The top 5 best glue guns 2017

From delicate designs to running repairs, have we got glues for you

There aren’t many tools that bridge the gap between delicate artists and burly builders, but glue guns do: you’ll find them in the hands of hobbyists as well as repairmen and women. That’s because hot melt adhesives, or HMAs for short, offer all the benefits of solvent-based glue without the whole solvents-melting-your-brain thing. Because the glue can bond rubbers, metal, glass, wood and plastics it can be used as an alternative to solder in some electronics projects, as a way to create jewellery or other delicate items, to seal packages, to bind fabrics and even to bind books.

T3 Roundups are product guides where we've chosen the products based on our opinion. Usually we'll also only include a product in one of these 'best' lists if they're highly rated by users and/or appear in the best-seller lists at major retailers such as Amazon, Argos or John Lewis.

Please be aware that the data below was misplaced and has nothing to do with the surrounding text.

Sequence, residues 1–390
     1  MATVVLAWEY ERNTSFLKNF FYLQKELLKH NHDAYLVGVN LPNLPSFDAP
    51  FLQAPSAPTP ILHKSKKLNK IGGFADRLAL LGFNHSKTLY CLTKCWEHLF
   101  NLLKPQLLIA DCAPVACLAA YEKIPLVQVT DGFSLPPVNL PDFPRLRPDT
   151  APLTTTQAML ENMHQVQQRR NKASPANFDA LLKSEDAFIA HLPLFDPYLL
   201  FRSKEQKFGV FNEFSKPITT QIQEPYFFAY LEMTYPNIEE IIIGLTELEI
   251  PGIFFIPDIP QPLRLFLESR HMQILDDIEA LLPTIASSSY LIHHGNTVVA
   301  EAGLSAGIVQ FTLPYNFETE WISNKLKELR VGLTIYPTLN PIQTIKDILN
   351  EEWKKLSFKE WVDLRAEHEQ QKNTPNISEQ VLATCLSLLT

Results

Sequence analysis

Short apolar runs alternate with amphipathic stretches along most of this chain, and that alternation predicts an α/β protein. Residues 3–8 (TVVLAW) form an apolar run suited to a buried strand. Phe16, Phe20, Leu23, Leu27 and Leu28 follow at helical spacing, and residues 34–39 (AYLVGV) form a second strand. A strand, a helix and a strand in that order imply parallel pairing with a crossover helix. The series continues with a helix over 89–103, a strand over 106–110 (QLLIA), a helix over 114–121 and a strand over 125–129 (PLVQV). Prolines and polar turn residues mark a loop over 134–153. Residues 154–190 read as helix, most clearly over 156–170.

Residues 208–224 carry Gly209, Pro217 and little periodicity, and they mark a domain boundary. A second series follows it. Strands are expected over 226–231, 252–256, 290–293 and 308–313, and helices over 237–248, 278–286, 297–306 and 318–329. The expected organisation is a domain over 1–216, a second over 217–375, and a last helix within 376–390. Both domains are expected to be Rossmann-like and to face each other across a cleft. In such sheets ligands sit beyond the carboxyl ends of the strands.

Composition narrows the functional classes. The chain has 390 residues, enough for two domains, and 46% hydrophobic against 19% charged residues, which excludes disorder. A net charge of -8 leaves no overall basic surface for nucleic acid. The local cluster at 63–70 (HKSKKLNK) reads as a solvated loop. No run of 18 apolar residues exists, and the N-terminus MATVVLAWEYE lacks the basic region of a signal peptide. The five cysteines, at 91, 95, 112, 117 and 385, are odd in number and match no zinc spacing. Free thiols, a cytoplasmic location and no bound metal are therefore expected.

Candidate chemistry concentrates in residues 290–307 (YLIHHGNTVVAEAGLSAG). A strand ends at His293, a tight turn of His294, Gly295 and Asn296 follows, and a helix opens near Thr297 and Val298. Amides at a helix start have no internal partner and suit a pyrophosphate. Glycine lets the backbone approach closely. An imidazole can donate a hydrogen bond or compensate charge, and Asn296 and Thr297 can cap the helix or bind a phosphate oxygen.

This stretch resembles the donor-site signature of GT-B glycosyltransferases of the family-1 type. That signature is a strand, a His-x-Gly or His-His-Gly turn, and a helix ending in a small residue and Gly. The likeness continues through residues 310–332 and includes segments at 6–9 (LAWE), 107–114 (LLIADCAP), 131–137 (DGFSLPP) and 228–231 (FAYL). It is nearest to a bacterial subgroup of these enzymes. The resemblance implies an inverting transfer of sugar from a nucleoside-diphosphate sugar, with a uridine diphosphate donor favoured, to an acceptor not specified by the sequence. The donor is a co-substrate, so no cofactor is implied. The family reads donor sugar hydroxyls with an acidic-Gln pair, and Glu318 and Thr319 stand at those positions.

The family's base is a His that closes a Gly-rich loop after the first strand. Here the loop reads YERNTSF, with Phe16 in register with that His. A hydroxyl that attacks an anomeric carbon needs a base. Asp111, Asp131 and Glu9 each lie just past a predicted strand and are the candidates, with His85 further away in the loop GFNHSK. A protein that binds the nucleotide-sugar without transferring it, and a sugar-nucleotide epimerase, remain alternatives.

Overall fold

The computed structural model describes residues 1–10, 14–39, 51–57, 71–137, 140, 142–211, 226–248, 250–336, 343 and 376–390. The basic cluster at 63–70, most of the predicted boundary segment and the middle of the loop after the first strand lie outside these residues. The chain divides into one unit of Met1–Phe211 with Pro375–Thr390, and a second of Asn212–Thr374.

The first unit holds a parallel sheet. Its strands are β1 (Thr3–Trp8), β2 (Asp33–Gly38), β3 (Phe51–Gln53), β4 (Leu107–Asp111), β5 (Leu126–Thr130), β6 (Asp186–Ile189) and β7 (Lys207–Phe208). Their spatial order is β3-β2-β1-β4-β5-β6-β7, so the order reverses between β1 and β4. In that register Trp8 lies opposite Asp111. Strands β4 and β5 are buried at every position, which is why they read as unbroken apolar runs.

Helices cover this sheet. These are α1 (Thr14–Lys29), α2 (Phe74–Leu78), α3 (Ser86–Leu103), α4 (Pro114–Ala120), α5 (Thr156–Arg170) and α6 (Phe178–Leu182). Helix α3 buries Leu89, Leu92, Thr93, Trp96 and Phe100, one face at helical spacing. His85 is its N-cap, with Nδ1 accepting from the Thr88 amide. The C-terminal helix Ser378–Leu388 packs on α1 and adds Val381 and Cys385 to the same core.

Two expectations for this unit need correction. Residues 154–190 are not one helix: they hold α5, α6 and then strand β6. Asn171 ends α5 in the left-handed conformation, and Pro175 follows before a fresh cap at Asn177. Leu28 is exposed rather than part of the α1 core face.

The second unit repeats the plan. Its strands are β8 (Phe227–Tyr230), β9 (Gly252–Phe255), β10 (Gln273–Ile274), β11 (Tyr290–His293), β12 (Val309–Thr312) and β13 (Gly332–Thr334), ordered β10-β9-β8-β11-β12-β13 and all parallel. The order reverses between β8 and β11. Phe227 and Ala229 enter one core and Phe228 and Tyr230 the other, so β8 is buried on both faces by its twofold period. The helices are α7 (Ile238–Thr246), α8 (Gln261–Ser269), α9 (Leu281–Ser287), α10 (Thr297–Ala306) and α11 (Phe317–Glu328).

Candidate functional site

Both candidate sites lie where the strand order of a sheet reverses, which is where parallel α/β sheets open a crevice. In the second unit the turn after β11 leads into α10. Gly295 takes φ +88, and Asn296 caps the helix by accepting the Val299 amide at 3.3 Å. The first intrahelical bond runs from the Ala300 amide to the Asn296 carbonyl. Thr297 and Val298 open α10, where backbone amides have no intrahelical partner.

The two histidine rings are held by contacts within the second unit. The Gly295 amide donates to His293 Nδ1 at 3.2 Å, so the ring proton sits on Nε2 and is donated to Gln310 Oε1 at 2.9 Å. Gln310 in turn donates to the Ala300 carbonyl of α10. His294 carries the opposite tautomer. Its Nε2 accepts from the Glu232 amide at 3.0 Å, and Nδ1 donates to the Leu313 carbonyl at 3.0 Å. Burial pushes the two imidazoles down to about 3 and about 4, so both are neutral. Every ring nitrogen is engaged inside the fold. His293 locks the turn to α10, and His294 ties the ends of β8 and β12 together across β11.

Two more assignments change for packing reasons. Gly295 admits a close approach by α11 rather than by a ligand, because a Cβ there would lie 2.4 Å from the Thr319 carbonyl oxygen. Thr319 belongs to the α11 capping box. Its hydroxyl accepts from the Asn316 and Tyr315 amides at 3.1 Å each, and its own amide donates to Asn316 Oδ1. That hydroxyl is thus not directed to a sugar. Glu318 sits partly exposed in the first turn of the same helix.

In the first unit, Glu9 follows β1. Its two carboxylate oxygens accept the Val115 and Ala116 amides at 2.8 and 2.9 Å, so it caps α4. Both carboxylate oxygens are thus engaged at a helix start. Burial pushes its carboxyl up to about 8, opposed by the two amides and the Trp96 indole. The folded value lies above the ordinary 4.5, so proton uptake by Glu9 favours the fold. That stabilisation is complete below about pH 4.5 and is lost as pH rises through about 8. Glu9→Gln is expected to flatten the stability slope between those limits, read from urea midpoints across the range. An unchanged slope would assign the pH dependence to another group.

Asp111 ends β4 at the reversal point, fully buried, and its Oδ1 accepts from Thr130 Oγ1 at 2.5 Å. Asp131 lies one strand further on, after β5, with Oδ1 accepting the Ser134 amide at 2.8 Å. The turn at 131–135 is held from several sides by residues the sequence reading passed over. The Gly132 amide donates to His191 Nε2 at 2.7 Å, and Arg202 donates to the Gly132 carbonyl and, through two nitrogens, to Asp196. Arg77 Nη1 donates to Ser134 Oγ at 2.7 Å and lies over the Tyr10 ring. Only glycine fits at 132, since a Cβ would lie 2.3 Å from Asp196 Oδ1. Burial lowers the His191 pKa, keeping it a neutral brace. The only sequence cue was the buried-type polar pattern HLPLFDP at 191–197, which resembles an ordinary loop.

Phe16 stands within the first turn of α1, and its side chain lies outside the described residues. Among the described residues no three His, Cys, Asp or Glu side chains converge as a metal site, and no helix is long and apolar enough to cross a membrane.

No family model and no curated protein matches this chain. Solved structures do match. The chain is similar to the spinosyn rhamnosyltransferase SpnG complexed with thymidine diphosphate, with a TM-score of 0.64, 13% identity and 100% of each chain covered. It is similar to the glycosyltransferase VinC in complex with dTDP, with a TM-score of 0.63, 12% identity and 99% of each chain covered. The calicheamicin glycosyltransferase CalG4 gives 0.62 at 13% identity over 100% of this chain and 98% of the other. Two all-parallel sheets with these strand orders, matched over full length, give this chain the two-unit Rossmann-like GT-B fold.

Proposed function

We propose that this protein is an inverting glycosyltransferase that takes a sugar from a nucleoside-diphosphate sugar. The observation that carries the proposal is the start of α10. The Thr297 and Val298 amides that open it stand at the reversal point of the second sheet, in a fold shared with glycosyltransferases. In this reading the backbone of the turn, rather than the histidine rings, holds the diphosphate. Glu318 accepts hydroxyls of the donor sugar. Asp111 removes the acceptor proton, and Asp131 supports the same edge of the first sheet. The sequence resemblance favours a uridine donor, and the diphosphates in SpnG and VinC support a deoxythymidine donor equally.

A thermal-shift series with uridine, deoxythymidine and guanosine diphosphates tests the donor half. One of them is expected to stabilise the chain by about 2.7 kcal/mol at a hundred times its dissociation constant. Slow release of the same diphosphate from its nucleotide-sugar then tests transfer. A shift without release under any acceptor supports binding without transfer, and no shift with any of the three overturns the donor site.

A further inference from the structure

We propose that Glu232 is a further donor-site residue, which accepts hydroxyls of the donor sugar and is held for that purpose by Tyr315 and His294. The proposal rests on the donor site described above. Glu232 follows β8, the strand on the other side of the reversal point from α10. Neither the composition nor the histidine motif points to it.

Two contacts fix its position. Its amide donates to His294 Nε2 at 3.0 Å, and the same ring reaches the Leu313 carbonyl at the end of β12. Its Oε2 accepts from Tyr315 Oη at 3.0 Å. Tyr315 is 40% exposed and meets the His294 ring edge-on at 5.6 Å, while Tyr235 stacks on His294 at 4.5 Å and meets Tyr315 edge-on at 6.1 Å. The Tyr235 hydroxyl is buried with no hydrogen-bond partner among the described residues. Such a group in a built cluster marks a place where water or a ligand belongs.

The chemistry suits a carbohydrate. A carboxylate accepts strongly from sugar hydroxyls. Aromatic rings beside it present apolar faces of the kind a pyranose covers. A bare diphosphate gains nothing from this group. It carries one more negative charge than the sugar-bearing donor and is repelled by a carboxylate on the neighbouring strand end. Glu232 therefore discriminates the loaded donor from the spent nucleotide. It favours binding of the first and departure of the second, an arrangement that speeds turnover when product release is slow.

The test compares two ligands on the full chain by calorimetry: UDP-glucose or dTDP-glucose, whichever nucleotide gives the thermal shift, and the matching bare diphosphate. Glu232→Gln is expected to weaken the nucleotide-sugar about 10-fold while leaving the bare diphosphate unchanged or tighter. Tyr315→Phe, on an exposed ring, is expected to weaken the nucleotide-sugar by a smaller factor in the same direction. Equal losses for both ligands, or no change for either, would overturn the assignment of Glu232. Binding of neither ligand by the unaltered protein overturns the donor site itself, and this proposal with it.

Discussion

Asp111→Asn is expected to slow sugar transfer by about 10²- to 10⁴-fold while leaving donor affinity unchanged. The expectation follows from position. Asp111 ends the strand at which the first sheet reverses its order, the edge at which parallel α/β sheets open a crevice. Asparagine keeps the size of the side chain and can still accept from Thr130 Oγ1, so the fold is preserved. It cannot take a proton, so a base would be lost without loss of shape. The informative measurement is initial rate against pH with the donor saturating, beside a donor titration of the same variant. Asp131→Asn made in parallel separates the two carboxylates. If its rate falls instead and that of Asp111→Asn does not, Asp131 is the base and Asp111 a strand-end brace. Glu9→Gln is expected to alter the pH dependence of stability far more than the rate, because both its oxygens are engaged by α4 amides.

How to choose the best glue gun for you

When you’re looking for the best glue gun comfort is a key factor: if you’re going to be using it a lot, even minor differences in comfort soon become really big differences. For occasional use battery powered guns are fine, if a little slow to heat, but for regular sticking you’re better off with a corded model. Make sure you can get the glue sticks for it: the most common glue gun sticks are 7mm or 11mm but some models have manufacturer-specific sticks. We’d avoid manufacturer-specific ones, though. Generic sticks are really cheap and widely available, so there’s not much point in prompting for an option that’s likely to be more hassle and more costly too.